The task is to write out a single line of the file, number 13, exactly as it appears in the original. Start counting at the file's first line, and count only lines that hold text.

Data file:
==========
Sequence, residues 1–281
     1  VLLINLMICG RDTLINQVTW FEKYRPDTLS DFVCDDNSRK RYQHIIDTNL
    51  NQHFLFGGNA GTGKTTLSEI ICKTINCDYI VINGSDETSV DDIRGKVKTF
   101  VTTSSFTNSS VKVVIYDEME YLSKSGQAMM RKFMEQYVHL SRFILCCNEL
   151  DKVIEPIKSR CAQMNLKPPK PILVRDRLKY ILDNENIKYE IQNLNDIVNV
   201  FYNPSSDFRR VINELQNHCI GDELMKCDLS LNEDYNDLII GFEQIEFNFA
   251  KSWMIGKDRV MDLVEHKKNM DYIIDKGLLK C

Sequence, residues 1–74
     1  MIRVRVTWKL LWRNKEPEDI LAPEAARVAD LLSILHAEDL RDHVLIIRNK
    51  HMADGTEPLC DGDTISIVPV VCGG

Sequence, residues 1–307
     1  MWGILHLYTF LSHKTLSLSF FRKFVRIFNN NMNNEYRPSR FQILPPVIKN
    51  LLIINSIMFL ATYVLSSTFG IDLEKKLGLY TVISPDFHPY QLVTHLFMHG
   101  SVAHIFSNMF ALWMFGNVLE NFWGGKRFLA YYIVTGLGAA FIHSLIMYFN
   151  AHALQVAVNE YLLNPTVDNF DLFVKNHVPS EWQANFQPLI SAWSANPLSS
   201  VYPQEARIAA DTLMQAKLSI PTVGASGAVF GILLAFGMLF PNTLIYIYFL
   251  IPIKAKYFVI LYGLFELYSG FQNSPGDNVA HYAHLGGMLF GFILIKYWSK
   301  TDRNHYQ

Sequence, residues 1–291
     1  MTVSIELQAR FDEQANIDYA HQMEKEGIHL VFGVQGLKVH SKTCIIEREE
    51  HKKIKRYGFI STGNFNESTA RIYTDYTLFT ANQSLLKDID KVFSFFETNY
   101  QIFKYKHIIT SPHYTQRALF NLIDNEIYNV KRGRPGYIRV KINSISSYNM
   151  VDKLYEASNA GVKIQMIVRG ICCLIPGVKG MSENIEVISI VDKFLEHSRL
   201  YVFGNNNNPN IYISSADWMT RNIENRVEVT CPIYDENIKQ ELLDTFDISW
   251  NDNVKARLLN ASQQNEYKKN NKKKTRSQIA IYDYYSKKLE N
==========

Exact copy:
    51  LLIINSIMFL ATYVLSSTFG IDLEKKLGLY TVISPDFHPY QLVTHLFMHG